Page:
Jobs are as important for our characters as they are for real people. A character’s career might be their dream job or one they’ve chosen due to necessity. In your story, they might be trying to get that job or are already working in the field. Whatever the situation, as with any defining aspect for your character, you’ll need to do the proper research to be able to write that career knowledgeably.
Enter the Occupation Thesaurus. Here, you’ll find important background information on a variety of career options for your character. In addition to the basics, we’ll also be covering related info that relates to character arc and story planning, such as sources of conflict (internal and external) and how the job might impact basic human needs, thereby affecting the character’s goals. It’s our hope that this thesaurus will share some of your research burden while also giving you ideas about your character’s occupation that you might not have considered before.
Below is a sample version of this entry to help you see how an occupation can reveal your character’s beliefs, history, goals, and more.
To view the full entry, visit One Stop for Writers where it resides within the largest fiction-based descriptive database ever created. (Free Trial available.)
Overview: Referees oversee sporting events to ensure the rules are being followed, good sportsmanship is upheld, and the players are kept safe. Officials are needed at various levels, from professional sports to college to high school and intramurals. Those refereeing intramural sports and community games for kids may be…
Necessary Training: A high-school diploma or equivalent is required to ref in most official capacities. Specific training is also necessary and might be offered through a college or sports organization. Certain registrations…
Useful Skills, Talents, or Abilities: Enhanced hearing, exceptional memory, multitasking, predicting the weather, swift-footedness
POSITIVE: Alert, calm, cooperative, decisive, disciplined, honest, honorable, just, objective, observant, professional, responsible
NEGATIVE: Confrontational, humorless, perfectionist
Sources of Friction: Being injured on the job, making a mistake that determines the outcome of a game, being threatened or stalked by an angry fan, working the field with an incompetent referee, difficulty remembering certain rules or consequences, not staying up-to-date on new rules and regulations, personal bias that leads to prejudicial decisions, losing one’s cool with a perturbed player, difficult work hours…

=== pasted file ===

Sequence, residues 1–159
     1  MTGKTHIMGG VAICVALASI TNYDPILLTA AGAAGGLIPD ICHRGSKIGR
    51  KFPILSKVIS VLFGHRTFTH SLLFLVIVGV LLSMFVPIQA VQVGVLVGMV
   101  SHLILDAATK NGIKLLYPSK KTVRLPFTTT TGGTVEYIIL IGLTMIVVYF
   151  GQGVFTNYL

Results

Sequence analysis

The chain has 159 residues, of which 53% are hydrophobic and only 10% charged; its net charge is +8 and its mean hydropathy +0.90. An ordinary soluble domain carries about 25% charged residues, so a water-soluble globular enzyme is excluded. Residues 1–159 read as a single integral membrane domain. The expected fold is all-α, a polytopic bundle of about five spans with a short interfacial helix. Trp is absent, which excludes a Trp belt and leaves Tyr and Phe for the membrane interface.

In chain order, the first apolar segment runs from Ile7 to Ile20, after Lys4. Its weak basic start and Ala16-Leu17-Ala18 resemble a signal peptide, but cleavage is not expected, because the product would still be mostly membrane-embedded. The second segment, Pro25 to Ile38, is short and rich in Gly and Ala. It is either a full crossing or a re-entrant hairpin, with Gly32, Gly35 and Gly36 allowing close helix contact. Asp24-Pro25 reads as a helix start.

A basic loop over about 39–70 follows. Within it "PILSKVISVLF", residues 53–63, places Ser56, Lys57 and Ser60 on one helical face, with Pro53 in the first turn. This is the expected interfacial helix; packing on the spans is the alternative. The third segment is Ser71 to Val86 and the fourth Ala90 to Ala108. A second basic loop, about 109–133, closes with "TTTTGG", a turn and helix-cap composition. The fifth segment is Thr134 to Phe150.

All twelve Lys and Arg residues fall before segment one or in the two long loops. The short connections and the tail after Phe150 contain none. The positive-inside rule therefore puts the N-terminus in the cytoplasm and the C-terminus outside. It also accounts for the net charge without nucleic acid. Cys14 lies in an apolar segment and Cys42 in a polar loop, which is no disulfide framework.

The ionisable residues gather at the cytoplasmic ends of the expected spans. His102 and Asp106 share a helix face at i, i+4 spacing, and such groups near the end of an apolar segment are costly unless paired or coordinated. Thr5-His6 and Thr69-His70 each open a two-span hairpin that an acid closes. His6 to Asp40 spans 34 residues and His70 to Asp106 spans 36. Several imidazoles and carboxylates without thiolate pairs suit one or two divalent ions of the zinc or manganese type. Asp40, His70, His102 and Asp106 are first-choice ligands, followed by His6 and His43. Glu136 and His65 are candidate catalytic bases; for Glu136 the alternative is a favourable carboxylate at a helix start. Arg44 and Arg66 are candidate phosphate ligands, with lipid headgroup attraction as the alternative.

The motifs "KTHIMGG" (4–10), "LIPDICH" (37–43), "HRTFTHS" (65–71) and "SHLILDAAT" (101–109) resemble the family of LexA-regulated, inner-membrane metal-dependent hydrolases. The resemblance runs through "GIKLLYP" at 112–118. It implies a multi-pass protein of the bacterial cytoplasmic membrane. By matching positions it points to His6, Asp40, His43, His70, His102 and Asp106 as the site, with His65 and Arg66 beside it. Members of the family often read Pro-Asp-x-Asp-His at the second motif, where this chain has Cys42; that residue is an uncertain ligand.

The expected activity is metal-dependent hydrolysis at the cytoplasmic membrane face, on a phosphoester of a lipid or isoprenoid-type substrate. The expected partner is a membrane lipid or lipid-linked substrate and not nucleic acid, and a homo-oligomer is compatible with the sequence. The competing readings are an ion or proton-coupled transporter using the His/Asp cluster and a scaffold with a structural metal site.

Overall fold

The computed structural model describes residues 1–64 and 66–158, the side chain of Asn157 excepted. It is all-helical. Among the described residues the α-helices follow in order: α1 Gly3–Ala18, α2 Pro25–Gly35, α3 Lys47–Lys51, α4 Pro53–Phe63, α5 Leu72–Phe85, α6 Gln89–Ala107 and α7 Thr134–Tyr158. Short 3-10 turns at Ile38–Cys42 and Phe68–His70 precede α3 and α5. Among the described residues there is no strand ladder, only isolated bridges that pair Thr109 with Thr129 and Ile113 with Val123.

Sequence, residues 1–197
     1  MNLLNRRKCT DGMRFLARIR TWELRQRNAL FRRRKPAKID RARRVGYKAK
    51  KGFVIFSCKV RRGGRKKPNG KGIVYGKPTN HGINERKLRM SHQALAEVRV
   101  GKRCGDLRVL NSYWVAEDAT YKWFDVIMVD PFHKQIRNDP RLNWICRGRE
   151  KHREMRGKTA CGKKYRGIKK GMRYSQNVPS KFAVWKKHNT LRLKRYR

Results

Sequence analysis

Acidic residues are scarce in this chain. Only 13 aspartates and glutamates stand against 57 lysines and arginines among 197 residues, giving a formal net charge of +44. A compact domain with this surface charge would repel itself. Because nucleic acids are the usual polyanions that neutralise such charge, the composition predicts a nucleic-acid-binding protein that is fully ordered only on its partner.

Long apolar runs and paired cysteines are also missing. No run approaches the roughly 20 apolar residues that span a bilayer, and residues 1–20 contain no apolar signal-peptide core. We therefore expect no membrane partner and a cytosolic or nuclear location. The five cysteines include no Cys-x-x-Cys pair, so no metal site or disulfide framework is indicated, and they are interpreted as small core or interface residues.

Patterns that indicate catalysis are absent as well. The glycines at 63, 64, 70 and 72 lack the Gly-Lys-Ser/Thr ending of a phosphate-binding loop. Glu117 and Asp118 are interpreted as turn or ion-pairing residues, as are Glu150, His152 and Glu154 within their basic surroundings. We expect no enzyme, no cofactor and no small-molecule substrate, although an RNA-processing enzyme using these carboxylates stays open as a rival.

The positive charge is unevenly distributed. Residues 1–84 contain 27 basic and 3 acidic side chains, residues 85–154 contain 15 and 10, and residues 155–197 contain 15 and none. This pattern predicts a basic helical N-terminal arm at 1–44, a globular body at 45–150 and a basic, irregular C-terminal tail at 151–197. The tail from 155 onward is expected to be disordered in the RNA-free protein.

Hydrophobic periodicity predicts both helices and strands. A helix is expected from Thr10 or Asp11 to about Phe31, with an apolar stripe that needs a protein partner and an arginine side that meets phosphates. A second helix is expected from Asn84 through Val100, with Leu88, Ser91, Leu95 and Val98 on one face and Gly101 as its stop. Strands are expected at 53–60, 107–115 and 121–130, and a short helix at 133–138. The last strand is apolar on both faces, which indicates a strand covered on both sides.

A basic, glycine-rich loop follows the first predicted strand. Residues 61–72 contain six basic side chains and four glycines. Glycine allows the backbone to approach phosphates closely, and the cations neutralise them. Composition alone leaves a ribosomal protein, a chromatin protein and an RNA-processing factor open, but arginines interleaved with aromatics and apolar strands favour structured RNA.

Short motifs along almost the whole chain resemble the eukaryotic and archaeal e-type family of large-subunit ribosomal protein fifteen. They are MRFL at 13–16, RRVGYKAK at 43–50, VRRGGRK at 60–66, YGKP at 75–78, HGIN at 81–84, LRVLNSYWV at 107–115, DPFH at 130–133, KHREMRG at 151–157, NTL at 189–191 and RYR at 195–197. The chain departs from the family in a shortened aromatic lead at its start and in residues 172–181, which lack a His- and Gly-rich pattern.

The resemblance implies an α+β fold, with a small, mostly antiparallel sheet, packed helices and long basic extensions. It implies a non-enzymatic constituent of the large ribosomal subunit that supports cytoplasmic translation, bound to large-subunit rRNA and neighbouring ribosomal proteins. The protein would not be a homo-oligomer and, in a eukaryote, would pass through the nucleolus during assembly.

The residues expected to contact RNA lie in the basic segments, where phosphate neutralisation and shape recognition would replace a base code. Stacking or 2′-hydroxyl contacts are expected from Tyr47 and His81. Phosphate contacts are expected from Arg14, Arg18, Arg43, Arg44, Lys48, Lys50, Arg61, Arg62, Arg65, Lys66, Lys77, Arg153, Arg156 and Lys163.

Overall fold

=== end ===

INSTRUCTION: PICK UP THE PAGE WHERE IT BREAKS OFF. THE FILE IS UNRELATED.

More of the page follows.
People They Might Interact With: players, coaches, other referees, facilities personnel (groundskeepers, maintenance people, stadium managers…)
How This Occupation Might Impact One’s Basic Needs:
- Self-Actualization: This need might take a hit for a referee who is unable to coach their desired sport or at the level they would like.
- Esteem and Recognition: Refs are typically pursuing a passion, which makes the job worthwhile despite the lower compensation. But those for whom financial status is important may struggle…
- Love and Belonging: Refs work evenings and weekends, and many of them travel to do so. This kind of schedule can put a strain on one’s closest relationships…
- Safety and Security: Referees get hit in contact sports all the time, making it a career where injuries are more likely to happen. If an incident makes it impossible for the referee to work…
- Physiological Needs: Sports fans are some of the most passionate people out there. If one of them believes that the official threw a game or was the cause of their team’s loss and comes after him or her…
Common Work-Related Settings: Airplane, airport, community center, dorm room, fitness center, gymnasium, hotel room, sporting event stands
Twisting the Fictional Stereotype:
- This career is definitely male-centric; while women are making their way slowly into the field, they’re very rare. A female ref could provide the twist you’re looking for.
Visit the other Occupations in our collection HERE.
How will your character’s occupation help reveal their innermost layers?
Much of your character’s life will revolve around their work, and whether they love it or hate it, their job is a great way to show, not tell, their personality traits, skills, work ethic, worldview and beliefs, and more, so we should choose it with care.
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Becca Puglisi is an international speaker, writing coach, and bestselling author of The Emotion Thesaurus and its sequels. Her books are available in five languages, are sourced by US universities, and are used by novelists, screenwriters, editors, and psychologists around the world. She is passionate about learning and sharing her knowledge with others through her Writers Helping Writers blog and via One Stop For Writers—a powerhouse online library created to help writers elevate their storytelling.